Building Your Team: Hiring a Full-Time Recruiter - The Edge from the National Association of Landscape Professionals

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Building Your Team: Hiring a Full-Time Recruiter

If given the choice, would you rather your crew leader handle filing your taxes as part of their job or have a CPA do that? Similarly, asking different team members to put on a recruiting hat on top of their other responsibilities isn’t going to get you the best results. Sure, they might be able to get the job done, but choosing to hire someone whose full-time position is recruiting provides a level of focus that can be crucial to boosting your landscape company’s growth.

“Since onboarding our recruiter, MSNW has seen a marked improvement in our hiring process,” says Joe Bushey, human resources director for MSNW Group, LLC, based in Ferndale, Washington. “Candidate selection efficiency and quality have significantly been enhanced, leading to a more streamlined and effective hiring process.”

Dennis Evans, owner of Quiet Village Landscaping, based in St. Louis, Missouri, says that their hiring efforts have improved a thousandfold since bringing on their recruiter.

“A really big time saver that has helped internally is that our managers can focus on their roles and responsibilities, whether it’s running crews, selling jobs, and training employees,” Evans says. “They can focus on that instead of sitting through interviews to sift through 10 candidates.”

David Koehn, president of Koehn Outdoor, based in Jacksonville, Florida, says they’ve had a larger number of candidates coming in compared to years past since they added their recruiter role.
Stephanie Corrigan, human resources manager for Mountain View Landscapes, Inc., based in Chicopee, Massachusetts, says not only have their recruiting efforts improved, but they’ve also been able to improve and streamline their onboarding process since hiring their recruiter.

“She’s more than doubled the number of people hired compared to previous years,” Corrigan says. “It is satisfying to say we achieved full staffing capacity!”

When to Add a Full-Time Recruiter

A major question lawn and landscape companies can have is when is it necessary to hire a full-time recruiter. There is no one answer to this question, as every company is growing at a different rate and has different needs.

Bushey says that MSNW has had their full-time recruiter for the past eight years, while Koehn Outdoors just added a recruiter 18 months ago. Koehn says after operating 10 people below their desired headcount for a year, their consultants encouraged them to consider bringing on a full-time recruiter.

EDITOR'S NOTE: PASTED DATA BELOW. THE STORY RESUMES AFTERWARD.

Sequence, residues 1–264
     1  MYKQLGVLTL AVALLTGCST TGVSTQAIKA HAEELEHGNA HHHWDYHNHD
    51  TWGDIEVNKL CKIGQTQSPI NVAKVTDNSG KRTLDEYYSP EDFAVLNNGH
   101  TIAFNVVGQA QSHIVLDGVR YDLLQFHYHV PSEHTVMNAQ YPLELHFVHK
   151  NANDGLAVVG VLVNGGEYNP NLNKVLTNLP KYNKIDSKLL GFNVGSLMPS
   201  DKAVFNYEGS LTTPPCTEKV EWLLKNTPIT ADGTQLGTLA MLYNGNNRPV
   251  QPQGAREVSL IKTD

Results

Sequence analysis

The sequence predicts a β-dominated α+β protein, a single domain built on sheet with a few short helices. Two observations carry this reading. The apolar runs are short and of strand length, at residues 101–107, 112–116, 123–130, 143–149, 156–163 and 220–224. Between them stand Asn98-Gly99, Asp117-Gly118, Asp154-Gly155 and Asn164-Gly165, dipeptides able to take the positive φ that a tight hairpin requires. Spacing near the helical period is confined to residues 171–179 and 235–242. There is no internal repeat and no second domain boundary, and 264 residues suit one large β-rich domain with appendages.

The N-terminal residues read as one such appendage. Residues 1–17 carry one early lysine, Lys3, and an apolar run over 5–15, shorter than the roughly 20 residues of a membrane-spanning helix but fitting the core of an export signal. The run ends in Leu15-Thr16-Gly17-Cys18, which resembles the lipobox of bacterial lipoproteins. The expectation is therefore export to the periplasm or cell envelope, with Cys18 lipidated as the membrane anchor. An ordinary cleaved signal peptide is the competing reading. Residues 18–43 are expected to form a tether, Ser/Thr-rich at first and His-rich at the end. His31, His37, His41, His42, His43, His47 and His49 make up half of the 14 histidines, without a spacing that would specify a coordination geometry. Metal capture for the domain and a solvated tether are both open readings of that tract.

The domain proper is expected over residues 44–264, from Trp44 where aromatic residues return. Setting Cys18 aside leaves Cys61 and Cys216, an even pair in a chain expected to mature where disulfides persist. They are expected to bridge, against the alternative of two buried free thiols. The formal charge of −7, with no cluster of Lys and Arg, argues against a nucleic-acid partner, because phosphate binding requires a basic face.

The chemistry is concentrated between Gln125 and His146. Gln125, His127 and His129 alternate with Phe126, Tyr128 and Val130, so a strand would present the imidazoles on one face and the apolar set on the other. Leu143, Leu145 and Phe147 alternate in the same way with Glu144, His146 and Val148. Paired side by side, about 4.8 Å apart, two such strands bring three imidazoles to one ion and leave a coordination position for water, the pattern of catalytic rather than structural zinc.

Photo: MSNW, LLC

“We grew to a point where we were so busy in the day-to-day operation that you can overlook the human element and you think you don’t really need a dedicated person just to focus on personnel,” Koehn says. “You’re leaning on all of the field training guys and all of the operations team, but bringing in someone who truly understands human development and HR can be that voice for the company for them to come to.”

For Mountain View Landscapes and Quiet Village Landscaping, in a stroke of good timing, they both hired their recruiter in the spring of 2020.

“Given a tight labor market and the competition for talented people, we felt like it was time to really have someone fully dedicated to the task of interviewing more people, casting a wider net and tapping into areas that we didn’t have time to tap into to look for that talent that we wanted to add to grow our business,” Evans says.

Evans notes that previously, getting new hires in the door was a hodgepodge effort between two or three people.

Corrigan says they were growing three locations in two states with multiple divisions, so it was becoming too much for one person to handle HR, compliance, benefits, payroll and recruiting. She says having a dedicated recruiter allowed her to navigate the regulations imposed by the pandemic along with other HR matters while their recruiter worked on hiring in an exceptionally challenging market.

As for at what company size owners should start considering adding a recruiter, Evans says this will vary based on whether you’re in a growth mode or trying to sustain your current size. He recommends businesses at $1.5 million consider getting a fractional recruiter and companies in the $3 to $5 million range consider hiring a full-time recruiter.

A part-time recruiter can help if you can’t afford the overhead of a full-time recruiter. Yet the hardest challenge with this type of recruiter is getting them to understand and evaluate candidates from a cultural standpoint.

Evans says looking back, he wishes he hired a recruiter at least a year before they did, if not two or three years prior.

“At a certain point, it’s really important to have that full-time recruiter because it changes the whole dynamic and focus of the team if they have to step into a recruiting role and then switch back to what their normal position is,” Evans says.